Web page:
One fascinating segment of this journey makes use of the film’s previously mentioned political elements. While Jesus realizes early on he’s to lead the Jews to freedom, he spends a decent portion of the film in a quandary over exactly how that freedom should be achieved. Judas, ever the zealot, advocates revolution. In an understated fireside debate with Jesus, he argues that before the spiritual needs of the people can be attended to, their physical needs (freedom, political independence) must be satisfied. Christ counters that unless one first fulfills their spiritual desires, they’ll just replace any physical opponent they overcome with another. It’s effectively the film’s main conflict in a bottle, albeit with a political bent.

Jesus does briefly entertain political ambitions following his self-imposed exile in the desert, but at the cusp of martyrdom during an attempted coup, he realizes that he cannot carry the sins of humanity with violence, but through self-sacrifice. It’s then revealed that Judas only reluctantly betrayed Christ, and even then at the man’s own request, another massive divergence from scripture but one that carries great emotional impact, considering the apostle’s animosity at the beginning of the film.

What follows is perhaps my favourite scene in the whole movie: Jesus’ arrest and conversation with Pontius Pilate, in this case portrayed by none other than the Thin White Duke himself, David Bowie. While he’s rightfully celebrated for his music, Bowie doesn’t get nearly enough credit for his acting. He brings restraint and genuine elegance to nearly every role I’ve seen him in, and Pilate is no different, and his usual approach benefits from the changes made to Pilate and his role in Christ’s condemnation.

While the Pilate of the Gospels is invariably uninterested in Jewish politics and feuds and unwilling to accept responsibility for Jesus’ sentence (famously washing his hands of the riotous crowd’s decision), Bowie’s Pilate is direct and accountable. He sympathizes with Christ but also wants to preserve Roman control over Judea. Alive, Jesus is a symbol of hope to zealous Jews, whether he wants them to revolt or not; dead, he’s a warning. He accepts full responsibility for the Jewish Messiah’s execution but does so with a heavy heart. Even if you’re averse to the film as a whole I highly recommend looking these five or so minutes up.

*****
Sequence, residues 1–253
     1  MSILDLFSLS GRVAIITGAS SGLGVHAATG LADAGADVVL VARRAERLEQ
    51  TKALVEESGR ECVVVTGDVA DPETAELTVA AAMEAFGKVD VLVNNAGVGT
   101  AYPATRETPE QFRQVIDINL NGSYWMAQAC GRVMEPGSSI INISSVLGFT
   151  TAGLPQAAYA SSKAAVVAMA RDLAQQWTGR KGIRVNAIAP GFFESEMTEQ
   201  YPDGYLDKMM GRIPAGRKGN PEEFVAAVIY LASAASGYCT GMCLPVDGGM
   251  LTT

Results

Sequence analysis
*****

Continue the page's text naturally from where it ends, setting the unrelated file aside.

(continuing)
But Christ doesn’t go his death free of torment—at least not yet. A friend of mine much more versed in theology than I am notes that it’s not just physical torture he endures. In taking on all of Man’s sins at once, Christ fully embraces his humanity and is suddenly cut off from contact with God—perhaps the most terrifying sensation in his life, much more than the nails through his hands and feet or the air being sucked from his lungs.

In God’s absence, Jesus is given a glimpse of another possible life, courtesy of a figure claiming to be an angel. In the movie’s most controversial sequence—so controversial a Christian fundamentalist group threw a Molotov cocktail at a Paris theatre in protest—Jesus sees a possible life with Magdalene and the two sisters, a life filled with children and grandchildren and lived to an old age. But it’s an easy existence, one devoid of sacrifice and benefitting just Jesus himself, and he lives only to see Jerusalem burn. He realizes the “angel” is just one last demonic attempt to steer him away from humanity’s salvation—the Last Temptation of the title—and accepts his fate, commending his spirit to his Father’s hands. He closes his eyes, expiring, and in the single greatest moment of synchronicity in film history the celluloid film is accidentally overexposed, closing the movie with a cascade of colour and light.

I began this piece saying I wasn’t going to get preachy, and if that’s the way I ended up, well, you have my apologies. I also impress it’s more a depiction of the conflict between flesh and soul than an accurate rendition of the Gospels, something the friend from earlier insisted I remember. I don’t think it’s changed my actual metaphysical beliefs, at least not in the three times I’ve watched it, but it’s given me greater appreciation for a subject I only recently realized I had failed to fully grasp during years of Sunday School. That’s good cinema.

No comments: